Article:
It provides a basic infrastructure for building your own caching service, providing hooks for initialization and shutdown.
It provides convenience methods to start up the cache module, for example for the creation of a cache backend instance. There is no specific initialization done during startup, to allow the modules to do their own magic during startup (it is difficult to generalize such stuff).
The backend instance returned should be assigned by reference, to avoid handle duplication or the like.
The configuration array must include the configuration parameters driver and directory, as outlined in the midcom_services_cache_backend class documentation.
All backends will be collected in the $_backends array, indexed by their name.
Any duplicate instantiation will be intercepted, throwing a critical error.
stringThe name of the backend, must be unique throughout the system.
arrayThe configuration of the backend to create. It must contain the key 'driver', which indicates which backend to use.
\midcom_services_cache_backendA reference to the new backend.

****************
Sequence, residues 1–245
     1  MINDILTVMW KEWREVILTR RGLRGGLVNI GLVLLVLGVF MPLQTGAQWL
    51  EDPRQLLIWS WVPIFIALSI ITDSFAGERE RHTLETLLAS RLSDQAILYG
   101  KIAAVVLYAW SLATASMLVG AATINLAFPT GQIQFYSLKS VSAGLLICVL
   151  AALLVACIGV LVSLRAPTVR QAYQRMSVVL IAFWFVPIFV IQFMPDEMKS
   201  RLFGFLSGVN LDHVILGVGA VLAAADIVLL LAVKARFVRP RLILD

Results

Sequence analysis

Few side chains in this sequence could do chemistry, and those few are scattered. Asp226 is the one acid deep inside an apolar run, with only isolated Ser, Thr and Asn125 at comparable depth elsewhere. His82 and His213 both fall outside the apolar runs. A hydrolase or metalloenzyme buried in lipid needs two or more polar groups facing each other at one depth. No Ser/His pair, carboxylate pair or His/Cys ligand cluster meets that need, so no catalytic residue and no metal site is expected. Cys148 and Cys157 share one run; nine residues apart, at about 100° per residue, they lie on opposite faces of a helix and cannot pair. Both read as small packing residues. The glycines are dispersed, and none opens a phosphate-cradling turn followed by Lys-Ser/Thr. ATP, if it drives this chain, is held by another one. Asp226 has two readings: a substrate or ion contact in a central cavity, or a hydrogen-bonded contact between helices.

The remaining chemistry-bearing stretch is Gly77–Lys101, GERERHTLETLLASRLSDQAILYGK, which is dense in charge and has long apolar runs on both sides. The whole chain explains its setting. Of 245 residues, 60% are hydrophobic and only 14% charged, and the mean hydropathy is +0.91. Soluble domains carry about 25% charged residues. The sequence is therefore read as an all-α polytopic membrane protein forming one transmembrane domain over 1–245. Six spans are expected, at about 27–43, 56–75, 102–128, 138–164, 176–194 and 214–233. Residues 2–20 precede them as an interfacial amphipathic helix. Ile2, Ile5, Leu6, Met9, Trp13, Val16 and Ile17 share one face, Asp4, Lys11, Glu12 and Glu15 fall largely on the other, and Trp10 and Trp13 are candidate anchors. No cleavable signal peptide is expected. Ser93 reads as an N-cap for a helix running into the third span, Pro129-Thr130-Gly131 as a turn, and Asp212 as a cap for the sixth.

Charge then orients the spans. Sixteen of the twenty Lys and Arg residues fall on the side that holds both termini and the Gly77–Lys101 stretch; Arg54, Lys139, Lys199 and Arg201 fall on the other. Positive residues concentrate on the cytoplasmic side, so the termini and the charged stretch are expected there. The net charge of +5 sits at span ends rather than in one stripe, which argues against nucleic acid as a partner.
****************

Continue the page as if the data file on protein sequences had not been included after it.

You may, as it is required for the content cache, intercept requests. Terminate the requests with _midcom_stop_request() if you produce a complete output based on a previous request (page cache) of midcom_application::finish() if you produce regular output that might go into the content cache.
Note, that for example the page cache will not use this cleanup handler, as it produces a complete html page based on a previous request.
This will initialize the class configuration and call the corresponding event handler.
\GUIDThe GUID that has to be invalidated.
The default implementation will drop all entries from all registered cache backends using midcom_services_cache_backend::remove_all(). Override this function, if this behavior doesn't suit your needs.
This will fist call the corresponding event handler, and will close all registered backends afterwards.
They will be automatically shut down when the module shuts down. They are indexed by their name.